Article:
!DumpMT -MD 0x00912fe8
    MethodDesc Table
       Entry MethodDesc      JIT Name
    79354bec   7913bd48   PreJIT System.Object.ToString()
    793539c0   7913bd50   PreJIT System.Object.Equals(System.Object)
    793539b0   7913bd68   PreJIT System.Object.GetHashCode()
    7934a4c0   7913bd70   PreJIT System.Object.Finalize()
    00ca0070   00912fd8      JIT My.Main()
    0091303c   00912fe0     NONE My..ctor()

A MethodDesc has fields with the name and signature of the method on debug builds. This is useful for debugging when the runtime state is severely corrupted and the SOS extension does not work.


The precode is a small fragment of code used to implement temporary entry points and an efficient wrapper for stubs. Precode is a niche code-generator for these two cases, generating the most efficient code possible. In an ideal world, all native code dynamically generated by the runtime would be produced by the JIT. That's not feasible in this case, given the specific requirements of these two scenarios. The basic precode on x86 may look like this:

mov eax,pMethodDesc // Load MethodDesc into scratch register
jmp target          // Jump to a target

Efficient Stub wrappers: The implementation of certain methods (e.g. P/Invoke, delegate invocation, multi dimensional array setters and getters) is provided by the runtime, typically as hand-written assembly stubs. Precode provides a space-efficient wrapper over stubs, to multiplex them for multiple callers.

The worker code of the stub is wrapped by a precode fragment that can be mapped to the MethodDesc and that jumps to the worker code of the stub. The worker code of the stub can be shared between multiple methods this way. It is an important optimization used to implement P/Invoke marshalling stubs. It also creates a 1:1 mapping between MethodDescs and entry points, which establishes a simple and efficient low-level system.

Temporary entry points: Methods must provide entry points before they are jitted so that jitted code has an address to call them. These temporary entry points are provided by precode. They are a specific form of stub wrappers.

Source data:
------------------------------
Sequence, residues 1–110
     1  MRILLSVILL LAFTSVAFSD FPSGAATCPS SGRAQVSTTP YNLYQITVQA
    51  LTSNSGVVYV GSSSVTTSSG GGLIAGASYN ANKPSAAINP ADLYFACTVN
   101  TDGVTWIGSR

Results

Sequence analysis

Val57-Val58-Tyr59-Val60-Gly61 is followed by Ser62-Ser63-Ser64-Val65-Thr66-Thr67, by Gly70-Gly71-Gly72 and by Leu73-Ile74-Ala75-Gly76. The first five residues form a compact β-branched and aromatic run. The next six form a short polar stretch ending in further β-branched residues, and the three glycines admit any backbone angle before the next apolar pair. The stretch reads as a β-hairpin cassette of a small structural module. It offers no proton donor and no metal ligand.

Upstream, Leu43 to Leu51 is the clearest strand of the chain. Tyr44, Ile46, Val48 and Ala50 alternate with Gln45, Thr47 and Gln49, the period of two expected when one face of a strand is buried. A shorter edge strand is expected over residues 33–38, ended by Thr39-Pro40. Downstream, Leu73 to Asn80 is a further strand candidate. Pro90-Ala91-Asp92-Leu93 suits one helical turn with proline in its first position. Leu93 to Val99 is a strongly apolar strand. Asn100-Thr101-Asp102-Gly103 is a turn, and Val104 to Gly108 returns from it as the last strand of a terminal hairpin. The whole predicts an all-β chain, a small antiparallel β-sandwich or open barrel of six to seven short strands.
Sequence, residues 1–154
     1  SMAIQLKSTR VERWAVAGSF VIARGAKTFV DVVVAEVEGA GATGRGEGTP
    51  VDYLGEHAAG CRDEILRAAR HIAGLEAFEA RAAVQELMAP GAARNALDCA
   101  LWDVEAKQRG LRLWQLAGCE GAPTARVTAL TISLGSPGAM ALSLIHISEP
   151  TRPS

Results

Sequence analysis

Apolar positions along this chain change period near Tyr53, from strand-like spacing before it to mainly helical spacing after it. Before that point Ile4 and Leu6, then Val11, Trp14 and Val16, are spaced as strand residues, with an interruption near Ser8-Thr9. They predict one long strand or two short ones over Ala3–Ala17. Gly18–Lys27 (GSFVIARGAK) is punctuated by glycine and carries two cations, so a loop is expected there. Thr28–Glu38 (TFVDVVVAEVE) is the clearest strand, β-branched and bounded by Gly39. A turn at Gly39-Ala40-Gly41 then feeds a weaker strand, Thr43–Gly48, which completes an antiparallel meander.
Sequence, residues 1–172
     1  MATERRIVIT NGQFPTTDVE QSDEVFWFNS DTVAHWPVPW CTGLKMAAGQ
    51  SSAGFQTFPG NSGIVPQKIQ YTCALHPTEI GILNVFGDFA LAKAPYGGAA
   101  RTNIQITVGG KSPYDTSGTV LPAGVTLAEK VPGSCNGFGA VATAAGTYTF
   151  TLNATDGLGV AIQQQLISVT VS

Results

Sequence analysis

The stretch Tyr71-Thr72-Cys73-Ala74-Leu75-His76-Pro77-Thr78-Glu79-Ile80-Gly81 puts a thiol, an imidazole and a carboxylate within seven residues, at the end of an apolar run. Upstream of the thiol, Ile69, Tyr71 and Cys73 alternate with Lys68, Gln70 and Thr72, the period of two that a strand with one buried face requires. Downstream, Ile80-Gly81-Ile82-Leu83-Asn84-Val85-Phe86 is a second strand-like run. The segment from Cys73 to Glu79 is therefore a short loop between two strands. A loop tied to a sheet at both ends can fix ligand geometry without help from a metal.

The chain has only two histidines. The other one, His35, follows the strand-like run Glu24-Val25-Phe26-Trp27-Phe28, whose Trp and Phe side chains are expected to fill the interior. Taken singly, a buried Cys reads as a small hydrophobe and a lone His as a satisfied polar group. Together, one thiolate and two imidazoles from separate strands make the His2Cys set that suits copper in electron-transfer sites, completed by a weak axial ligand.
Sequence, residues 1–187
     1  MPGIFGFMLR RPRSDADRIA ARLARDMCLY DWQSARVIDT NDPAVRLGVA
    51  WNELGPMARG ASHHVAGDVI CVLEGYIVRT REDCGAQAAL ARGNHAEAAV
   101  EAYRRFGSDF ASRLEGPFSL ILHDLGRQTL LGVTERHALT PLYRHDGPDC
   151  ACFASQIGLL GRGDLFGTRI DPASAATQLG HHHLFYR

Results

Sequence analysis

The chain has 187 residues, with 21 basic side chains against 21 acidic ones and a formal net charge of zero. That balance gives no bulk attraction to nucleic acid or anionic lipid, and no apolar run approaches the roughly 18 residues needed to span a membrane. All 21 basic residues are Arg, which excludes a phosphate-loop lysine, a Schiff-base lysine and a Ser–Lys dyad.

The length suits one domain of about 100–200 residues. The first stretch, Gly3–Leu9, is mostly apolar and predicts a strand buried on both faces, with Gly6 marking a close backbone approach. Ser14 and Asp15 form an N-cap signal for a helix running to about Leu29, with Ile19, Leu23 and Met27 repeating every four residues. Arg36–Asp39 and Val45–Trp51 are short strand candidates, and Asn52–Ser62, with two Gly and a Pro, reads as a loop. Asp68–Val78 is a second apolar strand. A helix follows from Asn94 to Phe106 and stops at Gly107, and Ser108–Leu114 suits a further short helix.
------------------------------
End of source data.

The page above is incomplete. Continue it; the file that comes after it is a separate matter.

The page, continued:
This technique is a lazy approach to jitting, which provides a performance optimization in both space and time. Otherwise, the transitive closure of a method would need to be jitted before it was executed. This would be a waste, since only the dependencies of taken code branches (e.g. if statement) require jitting.

Each temporary entry point is much smaller than a typical method body. They need to be small since there are a lot of them, even at the cost of performance. The temporary entry points are executed just once before the actual code for the method is generated.

The target of the temporary entry point is a PreStub, which is a special kind of stub that triggers jitting of a method. It atomically replaces the temporary entry point with a stable entry point. The stable entry point has to remain constant for the method lifetime. This invariant is required to guarantee thread safety since the method slot is always accessed without any locks taken.

The stable entry point is either the native code or the precode. The native code is either jitted code or code saved in NGen image. It is common to talk about jitted code when we actually mean native code.

Temporary entry points are never saved into NGen images. All entry points in NGen images are stable entry points that are never changed. It is an important optimization that reduced private working set.

Figure 2

Figure 2 Entry Point State Diagram

A method can have both native code and precode if there is a need to do work before the actual method body is executed. This situation typically happens for NGen image fixups. Native code is an optional MethodDesc slot in this case. This is necessary to lookup the native code of the method in a cheap uniform way.

Figure 3

Figure 3 The most complex case of Precode, Stub and Native Code

Single Callable vs. Multi Callable entry points

Entry point is needed to call the method. The MethodDesc exposes methods that encapsulate logic to get the most efficient entry point for the given situation. The key difference is whether the entry point will be used to call the method just once or whether it will be used to call the method multiple times.

For example, it may be a bad idea to use the temporary entry point to call the method multiple times since it would go through the PreStub each time. On the other hand, using temporary entry point to call the method just once should be fine.

The methods to get callable entry points from MethodDesc are:

  • MethodDesc::GetSingleCallableAddrOfCode
  • MethodDesc::GetMultiCallableAddrOfCode
  • MethodDesc::GetSingleCallableAddrOfVirtualizedCode
  • MethodDesc::GetMultiCallableAddrOfVirtualizedCode

Types of precode

There are multiple specialized types of precodes.

The type of precode has to be cheaply computable from the instruction sequence. On x86 and x64, the type of precode is computed by fetching a byte at a constant offset. Of course, this imposes limits on the instruction sequences used to implement the various precode types.


StubPrecode is the basic precode type. It loads MethodDesc into a scratch register and then jumps. It must be implemented for precodes to work. It is used as fallback when no other specialized precode type is available.